Sabermetric Trade Analysis: Orlando Cabrera for Jon Garland

Jarek BergaCorrespondent IDecember 18, 2007

New GM Tony Reagins began his reign with a bold trade with the Chicago White Sox to bolster his already deep rotation, acquiring SP Jon Garland in exchange for shortstop Orlando Cabrera.

Cabrera, coming off his second finest season as a major leaguer, will depart and create an opportunity for the Angels to go with youth in their infield.

At 33 years of age, Cabrera is a year away from free agency—and I can't help but think that this is the right moment to trade him and not let him walk away with nothing in return.

While a solid defender, Cabrera is not a superior bat. He was a quality bat last season, with his .345 on-base percentage ("OBP") driven by a career high .301 average.

He was a solid 2nd hitter, but he would have been better served hitting 7th, given his unspectacular OBP. At 33, Cabrera is performing at his peak, and the decline is coming soon.

With, say, Maicer Izturis as the Angels' starting SS, the Angels upgrade their team OBP, as Izturis is a patient hitter. If they chose to go with Eric Aybar (a mistake, his bat isn't ready), they get even younger, while also putting a solid defender in there at short.

Simply put, this deal made sense, and I give GM Reagins a grade of B for this move.

I haven't even mentioned Garland, because in this crazy market, getting any decent pitcher (which is what Garland is) deserves a positive mark.

Garland gives the Angels the flexibility to trade a young arm to get a needed power hitting bat. Garland doesn't fit my definition of an ideal pitcher, but his durability is unquestionable, and he has shown flashes of brilliance before.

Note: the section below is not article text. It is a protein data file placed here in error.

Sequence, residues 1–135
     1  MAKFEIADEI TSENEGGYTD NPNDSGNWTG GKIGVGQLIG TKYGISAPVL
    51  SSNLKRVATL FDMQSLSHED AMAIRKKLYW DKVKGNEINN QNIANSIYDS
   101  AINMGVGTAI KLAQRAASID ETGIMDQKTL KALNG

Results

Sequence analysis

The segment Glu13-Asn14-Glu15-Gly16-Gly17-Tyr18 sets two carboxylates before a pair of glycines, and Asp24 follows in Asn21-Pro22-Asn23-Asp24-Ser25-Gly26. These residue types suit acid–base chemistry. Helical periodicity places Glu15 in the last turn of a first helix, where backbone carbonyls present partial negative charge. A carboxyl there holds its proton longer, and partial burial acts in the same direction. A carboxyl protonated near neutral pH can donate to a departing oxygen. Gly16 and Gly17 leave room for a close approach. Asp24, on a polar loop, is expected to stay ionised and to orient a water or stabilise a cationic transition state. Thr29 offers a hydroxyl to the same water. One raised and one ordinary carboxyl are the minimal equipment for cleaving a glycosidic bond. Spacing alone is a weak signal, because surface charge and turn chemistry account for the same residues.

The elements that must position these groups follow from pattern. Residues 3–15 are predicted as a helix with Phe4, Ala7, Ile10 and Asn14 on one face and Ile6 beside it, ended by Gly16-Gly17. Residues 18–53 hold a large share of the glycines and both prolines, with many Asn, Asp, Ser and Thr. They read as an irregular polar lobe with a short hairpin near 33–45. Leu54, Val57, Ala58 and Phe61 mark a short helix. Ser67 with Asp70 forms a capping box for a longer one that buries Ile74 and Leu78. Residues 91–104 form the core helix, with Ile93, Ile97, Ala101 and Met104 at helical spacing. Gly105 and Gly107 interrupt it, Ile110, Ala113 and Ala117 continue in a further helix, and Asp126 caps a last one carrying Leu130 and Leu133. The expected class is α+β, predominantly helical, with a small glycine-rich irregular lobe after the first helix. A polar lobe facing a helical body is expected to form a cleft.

His low career strikeout rate (4.79 K per 9 innings) and so-so strike zone dominance (1.61 K/BB) signal Garland's reliance on pitching to contact. He does not induce as many groundballs as I'd like to see, considering how often hitters make contact against him (1.27 GB/FB)—but going to Anaheim will help. Angels Stadium is a far better pitcher's park than Chicago's U.S. Cellular, so his HR rate should shrink.

In the end, Garland is about league average, and Angels' fans should be wise to realize this and remember that he's a #5 starter, nothing more. With that in mind, a 4.40 ERA over 210 innings is perfectly acceptable from the bottom of the rotation.

This is a good acquisition, keeping in mind what it cost to get Garland. As long as the Angels don't re-sign Garland (free agent after 2008) to a 5+ year deal worth big money, this move is a fine one.